It is gross, I admit. But some mental-health professional has written of the "effects of Origami on psychopathic killers," and Susan Orlean has quoted her, but we are left to wonder.

Postscript: A Case in Point -- perhaps

Charles Ng, P- 46001,
San Quentin State Prison


I am indebted to Robert J. Lang himself for a reference to at least one psychopathic killer who does origami -- Charles Ng. Ng was one of two perpetrators of the Motherlode Murders in the foothills of California in the 1980's. He and his partner, Leonard Lake, were thought to have committed upwards of 25 murders in which they kidnapped, tortured, sexually abused, videotaped and murdered 26 or more people, the exact number remains unknown. Lake ultimately did the decent thing and killed himself. Ng fled to Canada, was apprehended and returned to California where he was finally convicted of 11 murders and sentenced to death.

Ng now resides on death row at San Quentin. You see him above. You see him below as he looked then. A Canadian group opposed to the death penalty, the Canadian Coalition Against the Death Penalty, which offers free web pages to death row prisoners, has taken up Ng's cause and provided him with a web page. We learn therein that Ng does indeed do origami because he says that he does.


His text makes interesting if slightly demented reading. He characterizes himself as a victim of injustice: "My case, from inception to verdict, has been both a travesty and outrage of mistreatments and miscarriage of justice." He flirts with the spectre of racial persecution (or is it a macabre form of racial pride?)-- "I am currently the only Chinese prisoner" on death row, then lapses into New Age sentimentality: "To me, art is a universal emotional expression of all cultures, and wildlife art a spiritual reference for all things wild and free; and a way for me to immortalize my love and intimacy to those who are dear and special to me...." Perhaps, Charles. But then there is the matter of those videotapes where you are shown debasing young women. "In captivity, Brenda was seen on tape tied to a chair, pleading for her life as her husband, son, friend Stapley, and others watched in horror. The Asian untied her and she was forced to strip naked before being put in leg-irons and sexually abused by both Lake and the Oriental." Here, apparently, origami is a way for the psychopathic killer to say, "see, I fold paper, I cannot be all bad...."


Smirting


Most of you probably begin by having no idea what "smirting" means. I was also in the dark until last week when I read a (an?) hilarious article in the Munich daily tabloid Abendzeitung. The starting point of the article was a report on Germany's painful and embarrassingly slow progress toward creating non-smoking areas in daily public life, especially in restaurants, where smoking still runs rampant -- even in designated "no smoking" sections of restaurants, as I discovered recently at the Osteria in Munich.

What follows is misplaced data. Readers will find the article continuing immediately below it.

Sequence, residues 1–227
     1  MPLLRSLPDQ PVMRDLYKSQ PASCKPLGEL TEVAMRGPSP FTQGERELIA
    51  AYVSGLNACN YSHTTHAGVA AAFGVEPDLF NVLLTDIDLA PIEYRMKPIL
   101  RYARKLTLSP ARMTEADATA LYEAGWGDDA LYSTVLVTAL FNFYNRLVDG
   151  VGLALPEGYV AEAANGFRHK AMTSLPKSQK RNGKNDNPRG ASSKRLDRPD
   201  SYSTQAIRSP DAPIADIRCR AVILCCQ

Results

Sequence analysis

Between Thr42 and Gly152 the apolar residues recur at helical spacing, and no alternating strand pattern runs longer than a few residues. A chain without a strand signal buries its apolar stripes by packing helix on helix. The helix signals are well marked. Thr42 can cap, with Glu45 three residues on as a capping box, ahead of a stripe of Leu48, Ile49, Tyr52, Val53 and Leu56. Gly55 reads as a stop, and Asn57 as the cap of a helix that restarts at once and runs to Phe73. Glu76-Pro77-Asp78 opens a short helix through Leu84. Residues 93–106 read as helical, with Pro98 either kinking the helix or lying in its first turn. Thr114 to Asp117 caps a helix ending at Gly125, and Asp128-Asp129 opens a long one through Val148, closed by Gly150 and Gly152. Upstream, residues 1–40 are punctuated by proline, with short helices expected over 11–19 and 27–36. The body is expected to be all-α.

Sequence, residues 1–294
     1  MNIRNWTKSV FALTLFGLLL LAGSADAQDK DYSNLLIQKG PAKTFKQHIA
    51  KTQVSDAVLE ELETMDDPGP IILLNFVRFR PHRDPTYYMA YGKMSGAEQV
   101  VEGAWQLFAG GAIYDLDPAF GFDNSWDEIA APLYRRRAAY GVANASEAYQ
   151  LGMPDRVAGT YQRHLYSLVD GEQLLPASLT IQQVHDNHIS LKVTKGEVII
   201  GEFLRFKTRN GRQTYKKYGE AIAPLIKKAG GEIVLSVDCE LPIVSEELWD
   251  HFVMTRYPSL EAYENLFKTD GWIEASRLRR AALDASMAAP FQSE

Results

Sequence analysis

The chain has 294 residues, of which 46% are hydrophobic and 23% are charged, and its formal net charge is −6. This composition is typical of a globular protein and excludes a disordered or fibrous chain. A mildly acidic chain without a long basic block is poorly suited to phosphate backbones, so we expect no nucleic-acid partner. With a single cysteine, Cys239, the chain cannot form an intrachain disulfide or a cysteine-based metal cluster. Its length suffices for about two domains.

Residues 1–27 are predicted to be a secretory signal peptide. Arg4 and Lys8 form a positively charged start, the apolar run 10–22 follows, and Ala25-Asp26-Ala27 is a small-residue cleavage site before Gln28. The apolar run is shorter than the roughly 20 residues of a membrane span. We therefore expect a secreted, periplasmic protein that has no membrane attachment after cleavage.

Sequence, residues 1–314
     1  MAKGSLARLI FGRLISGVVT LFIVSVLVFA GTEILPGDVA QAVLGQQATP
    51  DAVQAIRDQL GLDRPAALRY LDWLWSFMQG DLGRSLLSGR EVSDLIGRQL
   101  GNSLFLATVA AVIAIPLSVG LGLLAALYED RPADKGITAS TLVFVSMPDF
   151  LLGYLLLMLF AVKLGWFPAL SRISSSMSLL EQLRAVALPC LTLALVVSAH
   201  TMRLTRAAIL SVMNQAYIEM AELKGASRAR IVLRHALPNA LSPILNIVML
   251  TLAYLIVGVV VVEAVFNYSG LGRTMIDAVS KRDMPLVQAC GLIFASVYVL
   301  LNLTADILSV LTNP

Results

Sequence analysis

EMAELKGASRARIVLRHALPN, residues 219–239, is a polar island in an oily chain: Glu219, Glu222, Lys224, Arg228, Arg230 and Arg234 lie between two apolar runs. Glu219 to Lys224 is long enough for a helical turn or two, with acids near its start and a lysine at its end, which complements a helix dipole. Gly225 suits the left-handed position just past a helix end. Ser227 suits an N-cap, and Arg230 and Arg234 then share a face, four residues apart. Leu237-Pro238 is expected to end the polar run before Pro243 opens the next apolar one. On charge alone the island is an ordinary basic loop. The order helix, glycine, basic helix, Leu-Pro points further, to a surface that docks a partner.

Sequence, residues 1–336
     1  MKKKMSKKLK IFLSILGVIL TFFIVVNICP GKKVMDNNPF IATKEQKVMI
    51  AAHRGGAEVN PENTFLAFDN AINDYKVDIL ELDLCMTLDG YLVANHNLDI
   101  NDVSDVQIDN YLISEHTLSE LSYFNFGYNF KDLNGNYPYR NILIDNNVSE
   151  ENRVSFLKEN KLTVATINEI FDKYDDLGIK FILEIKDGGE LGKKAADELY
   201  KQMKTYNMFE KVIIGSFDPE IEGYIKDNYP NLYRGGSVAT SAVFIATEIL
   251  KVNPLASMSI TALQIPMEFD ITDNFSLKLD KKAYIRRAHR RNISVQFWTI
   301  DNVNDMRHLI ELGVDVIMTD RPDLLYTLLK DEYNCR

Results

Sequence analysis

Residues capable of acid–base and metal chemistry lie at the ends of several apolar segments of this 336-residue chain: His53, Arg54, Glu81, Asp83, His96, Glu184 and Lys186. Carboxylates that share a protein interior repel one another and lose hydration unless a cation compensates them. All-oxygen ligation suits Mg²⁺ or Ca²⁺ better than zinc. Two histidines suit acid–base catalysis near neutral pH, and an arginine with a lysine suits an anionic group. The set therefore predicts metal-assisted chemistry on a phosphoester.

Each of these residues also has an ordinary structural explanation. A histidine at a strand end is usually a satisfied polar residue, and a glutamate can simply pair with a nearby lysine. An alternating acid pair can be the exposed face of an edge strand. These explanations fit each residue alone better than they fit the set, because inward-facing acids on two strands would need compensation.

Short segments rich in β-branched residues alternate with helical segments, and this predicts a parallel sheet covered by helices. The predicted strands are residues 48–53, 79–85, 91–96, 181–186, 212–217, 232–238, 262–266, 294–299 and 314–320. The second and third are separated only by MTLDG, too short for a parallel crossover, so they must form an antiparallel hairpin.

The Abendzeitung reported on the Irish experience. Ireland has, of course, banned smoking entirely in pubs and restaurants. And that has led to a fascinating new phenomenon: men and women, especially younger men and women, must get up from their restaurant tables or their pub stools and step outside to smoke. And so they do, in all kinds of weather, and with generally good cheer, as I observed on a recent trip to Dublin. While outside they naturally congregate. While thus standing together they not only smoke, but the natural camaraderie of the oppressed clicks in, and they flirt! Why not? What a perfect opportunity to make contact with someone you would not dare approach inside the pub. Hence, the delightful new word "smirting." The perceptive Irish have realized that the dreaded smoking ban has created a huge new opportunity to score.


So far, so good. Now the story gets ugly. What does the hapless non-smoker, left sitting alone at the table inside the restaurant, do when all the action is taking place outside? He or she cannot just walk out and try to pass as a smoker. That is lame and bound to fail. The hard core outside the door will recognize and reject a poseur. So what does he or she do? He or she takes up smoking, that's what! And what does the well-intentioned, health-conscious smoker who knows he or she should quit do? Forget it, step outside, light up and connect!

Who would have thought?